By way of background, on May 17, 2016, the EEOC published a final rule entitled, “Genetic Information Nondiscrimination Act.” The rule addressed the extent to which an employer may offer an inducement to an employee for the employee’s spouse to provide his or her current health status information as part of a health risk assessment administered in connection with an employee-sponsored wellness program.
AARP filed a complaint in the U.S. District Court challenging the incentive section of the rule.
One challenge raised by the AARP alleged that the EEOC had failed to demonstrate how offering employees discounts of up to 30% of their health coverage (or imposing penalties of up to 30%) would still allow the wellness programs to truly be considered voluntary. The court concluded that the EEOC failed to provide sufficient reasoning to justify the incentive limit adopted in the GINA rule and remanded the rule to the EEOC for further consideration. The court later issued an order vacating the incentive section of the rule, effective January 1, 2019. Consistent with that decision, by regulation, the EEOC removed the incentive section of the GINA regulation.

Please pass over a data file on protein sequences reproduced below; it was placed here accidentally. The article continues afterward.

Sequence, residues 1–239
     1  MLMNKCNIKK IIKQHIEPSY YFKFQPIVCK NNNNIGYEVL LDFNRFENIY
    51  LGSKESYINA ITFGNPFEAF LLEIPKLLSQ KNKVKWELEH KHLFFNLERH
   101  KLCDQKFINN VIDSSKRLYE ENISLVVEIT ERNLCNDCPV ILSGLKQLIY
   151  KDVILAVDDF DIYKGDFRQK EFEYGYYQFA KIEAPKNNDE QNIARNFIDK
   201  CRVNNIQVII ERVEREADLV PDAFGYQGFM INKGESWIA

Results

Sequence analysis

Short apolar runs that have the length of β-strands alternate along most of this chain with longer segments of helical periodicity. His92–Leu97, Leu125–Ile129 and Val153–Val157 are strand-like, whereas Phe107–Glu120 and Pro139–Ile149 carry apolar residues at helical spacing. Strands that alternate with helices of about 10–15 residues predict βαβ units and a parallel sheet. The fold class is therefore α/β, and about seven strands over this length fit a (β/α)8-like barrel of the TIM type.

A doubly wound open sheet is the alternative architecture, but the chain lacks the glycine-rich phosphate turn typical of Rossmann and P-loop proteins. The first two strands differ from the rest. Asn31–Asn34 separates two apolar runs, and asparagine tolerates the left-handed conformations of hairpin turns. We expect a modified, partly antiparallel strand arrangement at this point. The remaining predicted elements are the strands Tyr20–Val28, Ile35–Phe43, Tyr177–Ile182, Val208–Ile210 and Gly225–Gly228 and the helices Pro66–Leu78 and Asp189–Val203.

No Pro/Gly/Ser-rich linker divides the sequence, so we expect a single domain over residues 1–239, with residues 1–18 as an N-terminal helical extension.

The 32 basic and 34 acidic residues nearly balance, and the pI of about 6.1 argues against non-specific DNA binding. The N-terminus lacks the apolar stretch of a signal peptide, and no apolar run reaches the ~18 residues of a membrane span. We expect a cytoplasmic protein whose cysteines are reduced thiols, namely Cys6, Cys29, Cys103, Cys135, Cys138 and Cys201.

Despite the rescission of the EEOC’s GINA incentive rule, there are other wellness program rules that remain in effect, and which have been the subject of enforcement action. The Affordable Care Act/HIPAA wellness program rules also remain in effect and contain their own provisions regarding incentives.
Employers should consult with competent counsel to assure that their wellness programs do not violate the law.